At first there was nothing to be done because, as I explained to William, Simon had to want to see me. I couldn't call him up and say, "Your father thinks you're disturbed in some way. How's Wednesday at four?" Since he had never broached the subject with Simon, I really didn't know what he thought I could do. We said good-bye and that, I thought, would be the end of it. Clearly, it wasn't.
About a month later William and Simon's mother, May, were out for dinner with Henry and Diane Osborne. You may remember the Osbornes; they are Simon's parents' closest friends. Simon assures me that Henry's contempt for poetry is probably second only to his father's. It was a Friday night and the Osbornes had taken Simon's parents to a French restaurant to celebrate William's retirement from the bank that very day. As they were leaving, having been feted by the owner, a drunk Simon literally walked into his parents, apparently by chance, with his arm around the waist of a very attractive young woman. The two older couples, seeing the short-skirted advertisement for herself that she was, guessed her occupation fairly quickly and were clearly embarrassed. William started to apologize to everyone as though he were responsible. Henry tried to make light of it, asking the young woman if she had ever eaten at the restaurant before. Simon was trying to hail a taxi and the young woman, who said her name was Angelique, told him she had eaten there many times and that the owner was a client.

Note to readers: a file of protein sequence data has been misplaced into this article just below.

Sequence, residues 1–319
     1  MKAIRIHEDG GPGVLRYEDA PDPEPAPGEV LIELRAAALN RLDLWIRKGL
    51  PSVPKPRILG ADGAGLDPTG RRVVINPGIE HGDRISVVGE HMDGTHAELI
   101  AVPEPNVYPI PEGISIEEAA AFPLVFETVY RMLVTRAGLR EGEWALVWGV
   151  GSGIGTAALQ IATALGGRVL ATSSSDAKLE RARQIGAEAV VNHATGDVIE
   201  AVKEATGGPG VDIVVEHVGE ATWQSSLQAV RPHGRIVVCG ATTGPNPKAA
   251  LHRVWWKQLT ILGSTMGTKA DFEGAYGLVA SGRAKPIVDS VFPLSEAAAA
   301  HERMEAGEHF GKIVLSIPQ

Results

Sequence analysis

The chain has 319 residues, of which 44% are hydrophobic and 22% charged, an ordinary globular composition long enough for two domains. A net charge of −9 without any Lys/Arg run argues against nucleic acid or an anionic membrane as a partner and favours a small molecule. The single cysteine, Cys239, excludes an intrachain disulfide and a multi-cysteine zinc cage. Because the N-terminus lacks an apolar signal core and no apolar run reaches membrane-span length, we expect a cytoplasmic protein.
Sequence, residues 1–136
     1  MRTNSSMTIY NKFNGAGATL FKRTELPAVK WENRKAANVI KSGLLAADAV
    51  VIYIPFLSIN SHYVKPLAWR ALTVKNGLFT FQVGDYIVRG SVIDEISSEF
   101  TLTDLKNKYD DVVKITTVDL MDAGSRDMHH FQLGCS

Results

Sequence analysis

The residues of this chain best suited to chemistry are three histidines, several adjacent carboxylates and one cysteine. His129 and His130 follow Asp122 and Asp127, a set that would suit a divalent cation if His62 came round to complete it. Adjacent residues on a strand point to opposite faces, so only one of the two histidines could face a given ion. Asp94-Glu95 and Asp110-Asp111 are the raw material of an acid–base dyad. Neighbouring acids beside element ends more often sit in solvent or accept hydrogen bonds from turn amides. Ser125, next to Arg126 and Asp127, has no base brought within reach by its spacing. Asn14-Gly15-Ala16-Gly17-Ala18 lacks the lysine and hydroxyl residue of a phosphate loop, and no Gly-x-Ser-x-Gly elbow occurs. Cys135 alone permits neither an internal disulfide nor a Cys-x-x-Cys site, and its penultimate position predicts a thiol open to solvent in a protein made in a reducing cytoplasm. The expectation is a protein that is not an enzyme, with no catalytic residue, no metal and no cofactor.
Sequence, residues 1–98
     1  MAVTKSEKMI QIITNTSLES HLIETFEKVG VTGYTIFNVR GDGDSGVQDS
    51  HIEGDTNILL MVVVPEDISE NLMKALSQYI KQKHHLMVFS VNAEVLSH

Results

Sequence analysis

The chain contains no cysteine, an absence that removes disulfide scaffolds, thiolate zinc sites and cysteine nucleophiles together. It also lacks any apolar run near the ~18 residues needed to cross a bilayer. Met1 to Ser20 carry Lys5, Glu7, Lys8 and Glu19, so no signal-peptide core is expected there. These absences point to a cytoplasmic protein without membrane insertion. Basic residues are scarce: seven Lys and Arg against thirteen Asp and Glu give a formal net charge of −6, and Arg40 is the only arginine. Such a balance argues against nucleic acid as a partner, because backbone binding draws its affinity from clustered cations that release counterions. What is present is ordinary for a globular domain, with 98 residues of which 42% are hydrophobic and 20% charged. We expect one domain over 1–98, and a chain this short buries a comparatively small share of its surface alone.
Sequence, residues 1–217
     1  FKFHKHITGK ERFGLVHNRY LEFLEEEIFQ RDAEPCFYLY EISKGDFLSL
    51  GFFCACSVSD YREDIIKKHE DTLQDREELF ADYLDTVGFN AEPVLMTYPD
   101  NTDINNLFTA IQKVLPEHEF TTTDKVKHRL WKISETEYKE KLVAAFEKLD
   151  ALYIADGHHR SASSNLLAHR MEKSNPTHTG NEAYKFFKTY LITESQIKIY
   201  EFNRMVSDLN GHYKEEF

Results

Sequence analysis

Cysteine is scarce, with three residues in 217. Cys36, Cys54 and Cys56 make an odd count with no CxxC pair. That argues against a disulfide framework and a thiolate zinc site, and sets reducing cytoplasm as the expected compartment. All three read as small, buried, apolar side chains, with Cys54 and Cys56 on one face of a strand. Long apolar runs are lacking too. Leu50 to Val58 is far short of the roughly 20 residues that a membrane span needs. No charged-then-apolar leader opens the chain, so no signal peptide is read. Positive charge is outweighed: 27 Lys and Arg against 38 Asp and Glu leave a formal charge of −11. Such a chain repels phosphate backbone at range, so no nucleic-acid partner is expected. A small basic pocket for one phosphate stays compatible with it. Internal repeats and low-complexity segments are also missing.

On the Monday Simon called me. He told me the whole story and explained that it was a condition of the rapprochement with his parents that he arrange to see me. It was a brief conversation. He said that he would rather we didn't meet in my office and gave an address at which I was to meet him one evening. It was summer then, and he said to come around the back into the garden where he would be waiting. I wouldn't normally ever agree to an arrangement like this, but something in his voice, an intelligence, and the honesty with which he told the story about his parents, the Osbornes, and Angelique-a disarming honesty-made me agree. And, if I am to share the honesty I admired in Simon, I needed another full-paying private client. I still do. My wife and I have recently separated.